It bothers me though.
DVD and HDTV/Bluray being a bastardization of film, is a compromise which I can live with. But online and cable, by the time they reach the end user, is like stated, variable and unreliable, numerous compression and toggling tricks imposed to the point it becomes something I refuse to pay for.
That and not being a TV guy to begin with, for years I’ve just done DVDs, and recently Blurays.
But that said, I’m not a fan of Blurays.
I find Blurays , which I find quality-wise to be a very minor improvement over a well mastered DVD (examples being ONCE UPON A TIME IN THE WEST and CLIMATES), to be not worth paying more for.
The only reason I pick up a Bluray over a DVD, is if they are the same price, AND the Bluray offers more features (recent examples being WATCHMEN DIRECTOR’S CUT [this is the version to go with, not the Ultimate cut], Fritz Lang’s METROPOLIS dual format limited edition steelbook, and SPIRITS OF THE DEAD… all three on most reviewers 2010 Best Bluray list).
Don’t get me wrong. Bluray is an improvement, mostly in clarity over DVD, but it is a minor jump, compared to the major leap in quality from VHS to DVD.
It’s just not big enough of a difference, for me to really get excited about or pay more for. But I acknowledge it’s an improvement.
Now, what is not a Bluray improvement over DVD, and something I really hate about Blurays, is the slip-shod packing.
Even the so-called high-end SteelBook cases for Blurays, to put not to fine a point on it, are garbage; such as the aforementioned METROPOLIS Steelbook.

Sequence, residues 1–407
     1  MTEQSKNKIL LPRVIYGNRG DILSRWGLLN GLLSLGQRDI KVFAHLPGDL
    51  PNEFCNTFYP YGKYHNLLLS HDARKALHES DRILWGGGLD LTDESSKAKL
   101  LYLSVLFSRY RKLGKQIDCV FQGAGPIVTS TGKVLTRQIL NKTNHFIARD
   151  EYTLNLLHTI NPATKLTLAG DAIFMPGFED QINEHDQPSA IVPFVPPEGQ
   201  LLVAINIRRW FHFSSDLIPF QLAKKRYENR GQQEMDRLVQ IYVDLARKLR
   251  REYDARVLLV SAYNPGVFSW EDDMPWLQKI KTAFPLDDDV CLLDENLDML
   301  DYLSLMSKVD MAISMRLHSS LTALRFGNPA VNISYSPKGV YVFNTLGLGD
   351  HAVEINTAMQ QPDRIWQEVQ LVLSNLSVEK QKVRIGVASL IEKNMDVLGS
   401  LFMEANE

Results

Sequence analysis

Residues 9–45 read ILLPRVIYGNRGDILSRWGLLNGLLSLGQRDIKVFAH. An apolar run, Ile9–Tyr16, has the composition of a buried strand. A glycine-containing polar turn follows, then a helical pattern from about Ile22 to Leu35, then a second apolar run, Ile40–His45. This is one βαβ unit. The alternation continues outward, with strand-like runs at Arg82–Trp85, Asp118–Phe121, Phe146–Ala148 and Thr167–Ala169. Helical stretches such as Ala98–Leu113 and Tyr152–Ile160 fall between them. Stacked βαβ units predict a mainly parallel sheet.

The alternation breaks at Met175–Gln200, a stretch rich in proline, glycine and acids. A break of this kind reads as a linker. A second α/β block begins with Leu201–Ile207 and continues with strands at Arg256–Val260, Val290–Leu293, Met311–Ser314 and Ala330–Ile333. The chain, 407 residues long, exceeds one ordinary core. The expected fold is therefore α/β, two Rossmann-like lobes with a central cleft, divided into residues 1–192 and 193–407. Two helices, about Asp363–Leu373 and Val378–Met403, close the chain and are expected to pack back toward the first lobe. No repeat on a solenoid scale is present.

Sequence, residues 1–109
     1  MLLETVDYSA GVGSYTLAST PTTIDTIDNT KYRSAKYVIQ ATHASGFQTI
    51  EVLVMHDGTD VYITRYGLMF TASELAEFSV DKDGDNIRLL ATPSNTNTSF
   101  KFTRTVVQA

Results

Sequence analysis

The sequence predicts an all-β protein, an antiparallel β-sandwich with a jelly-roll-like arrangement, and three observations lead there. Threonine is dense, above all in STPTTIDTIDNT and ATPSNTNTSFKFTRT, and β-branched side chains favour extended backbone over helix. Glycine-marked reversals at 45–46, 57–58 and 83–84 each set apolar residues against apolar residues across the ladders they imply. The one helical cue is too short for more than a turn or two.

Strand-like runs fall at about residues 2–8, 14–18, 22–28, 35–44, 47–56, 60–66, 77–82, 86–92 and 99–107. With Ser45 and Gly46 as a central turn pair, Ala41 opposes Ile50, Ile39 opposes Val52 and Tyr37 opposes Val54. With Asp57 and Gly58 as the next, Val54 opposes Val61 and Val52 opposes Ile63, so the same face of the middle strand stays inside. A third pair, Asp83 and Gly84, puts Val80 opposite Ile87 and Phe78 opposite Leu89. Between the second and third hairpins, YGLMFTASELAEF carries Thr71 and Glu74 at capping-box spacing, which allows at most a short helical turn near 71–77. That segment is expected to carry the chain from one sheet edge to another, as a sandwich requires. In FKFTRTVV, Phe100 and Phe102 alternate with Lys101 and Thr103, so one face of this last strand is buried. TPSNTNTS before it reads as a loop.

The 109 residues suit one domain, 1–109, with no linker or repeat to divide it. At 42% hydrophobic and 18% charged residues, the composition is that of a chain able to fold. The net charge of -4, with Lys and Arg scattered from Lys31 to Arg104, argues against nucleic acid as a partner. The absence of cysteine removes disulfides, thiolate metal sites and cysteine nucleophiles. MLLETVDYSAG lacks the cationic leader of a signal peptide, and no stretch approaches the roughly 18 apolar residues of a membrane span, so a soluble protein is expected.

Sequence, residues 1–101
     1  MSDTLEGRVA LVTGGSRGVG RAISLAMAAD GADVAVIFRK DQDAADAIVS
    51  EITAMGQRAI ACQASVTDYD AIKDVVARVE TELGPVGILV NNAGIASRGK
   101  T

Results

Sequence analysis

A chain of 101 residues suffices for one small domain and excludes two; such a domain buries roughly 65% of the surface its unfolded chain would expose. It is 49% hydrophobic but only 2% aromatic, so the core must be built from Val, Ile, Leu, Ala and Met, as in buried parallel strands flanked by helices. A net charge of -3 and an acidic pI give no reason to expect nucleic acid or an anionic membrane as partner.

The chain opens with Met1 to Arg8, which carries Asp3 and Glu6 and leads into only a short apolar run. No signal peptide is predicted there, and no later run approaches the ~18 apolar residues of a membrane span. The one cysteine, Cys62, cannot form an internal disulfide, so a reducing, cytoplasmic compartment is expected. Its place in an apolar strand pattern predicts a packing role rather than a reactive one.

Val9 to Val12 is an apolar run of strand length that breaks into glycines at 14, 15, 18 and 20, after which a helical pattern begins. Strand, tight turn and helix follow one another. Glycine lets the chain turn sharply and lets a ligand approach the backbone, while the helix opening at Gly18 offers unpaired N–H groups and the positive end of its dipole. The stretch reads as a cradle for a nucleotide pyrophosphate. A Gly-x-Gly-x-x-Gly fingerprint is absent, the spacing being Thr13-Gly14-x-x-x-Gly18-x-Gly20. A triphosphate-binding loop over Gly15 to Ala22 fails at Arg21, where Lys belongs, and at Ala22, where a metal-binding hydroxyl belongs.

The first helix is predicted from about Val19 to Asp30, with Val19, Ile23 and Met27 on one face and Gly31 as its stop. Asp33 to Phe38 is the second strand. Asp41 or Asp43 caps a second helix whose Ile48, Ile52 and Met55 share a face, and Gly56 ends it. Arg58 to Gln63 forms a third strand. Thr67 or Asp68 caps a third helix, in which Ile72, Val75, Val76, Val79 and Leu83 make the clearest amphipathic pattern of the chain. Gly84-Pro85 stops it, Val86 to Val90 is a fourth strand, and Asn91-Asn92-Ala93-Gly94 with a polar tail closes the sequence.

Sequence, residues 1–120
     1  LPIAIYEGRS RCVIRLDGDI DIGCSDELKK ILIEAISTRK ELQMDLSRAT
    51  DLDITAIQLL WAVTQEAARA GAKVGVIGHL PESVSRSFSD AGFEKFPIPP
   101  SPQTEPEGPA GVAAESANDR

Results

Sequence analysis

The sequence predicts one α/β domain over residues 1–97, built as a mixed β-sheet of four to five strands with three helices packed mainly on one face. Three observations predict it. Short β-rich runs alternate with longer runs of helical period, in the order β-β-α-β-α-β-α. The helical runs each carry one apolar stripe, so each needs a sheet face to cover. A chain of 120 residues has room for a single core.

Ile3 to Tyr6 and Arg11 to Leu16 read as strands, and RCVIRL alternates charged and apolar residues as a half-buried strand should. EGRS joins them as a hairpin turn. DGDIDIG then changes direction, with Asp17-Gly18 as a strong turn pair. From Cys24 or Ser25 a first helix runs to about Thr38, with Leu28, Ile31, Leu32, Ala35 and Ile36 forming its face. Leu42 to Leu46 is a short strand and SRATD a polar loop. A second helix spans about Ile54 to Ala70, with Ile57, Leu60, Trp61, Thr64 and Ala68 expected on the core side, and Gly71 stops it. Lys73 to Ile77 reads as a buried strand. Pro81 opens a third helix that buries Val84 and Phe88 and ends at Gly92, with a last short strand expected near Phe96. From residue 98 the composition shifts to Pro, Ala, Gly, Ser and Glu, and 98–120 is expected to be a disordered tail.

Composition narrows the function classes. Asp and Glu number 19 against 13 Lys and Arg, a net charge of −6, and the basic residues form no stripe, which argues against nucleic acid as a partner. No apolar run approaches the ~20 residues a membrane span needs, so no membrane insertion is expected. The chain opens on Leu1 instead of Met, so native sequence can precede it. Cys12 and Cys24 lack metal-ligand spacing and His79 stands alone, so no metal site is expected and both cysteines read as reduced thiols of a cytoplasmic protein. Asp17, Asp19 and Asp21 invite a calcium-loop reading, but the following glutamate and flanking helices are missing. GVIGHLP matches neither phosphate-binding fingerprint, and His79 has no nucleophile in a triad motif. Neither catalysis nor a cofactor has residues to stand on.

And regular Bluray packaging is even worse. It’s a shoddy, inconsistent form factor, with garish ugly colors (yes, I know you call yourself Bluray, but take it from me… lose the garish blue color on the packing ), and cheap, damage prone slipcovers/materials (SPIRITS OF THE DEAD anyone?), and pithy non-existent back cover description.
Package wise it lacks the aesthetic strengths, elegance and simplicity, and to an extent beauty of the 13+ year old medium of the DVD (the year 1998 generally regarded as DVDs wide-release on the world stage).
And by the time that is ready to change, we (the whole entertainment/electronic market) will be onto our next media storage format. So yeah, I generally say no to cable, and will be sticking with DVDs to catch up on tv shows people are recommending.
And as far as Blurays, as it currently stands I don’t see them making up more than 1% of my DVD purchases, anytime soon. They need to be at least the same price as a DVD, and offer more features, otherwise I’ll stick to the DVD, a tested and versatile medium, that doesn’t suffer from idiocies such as zone lockdowns, and “so-called” digital copies(nothing more than a way to erode fair use, and get you to install nothing more than a glorified rootkit virus on your computer).
Did I mention I dislike Blurays? :).
But on a serious note, make technology yours. Use it and don’t let it… own you.
Here endeth the rant. :).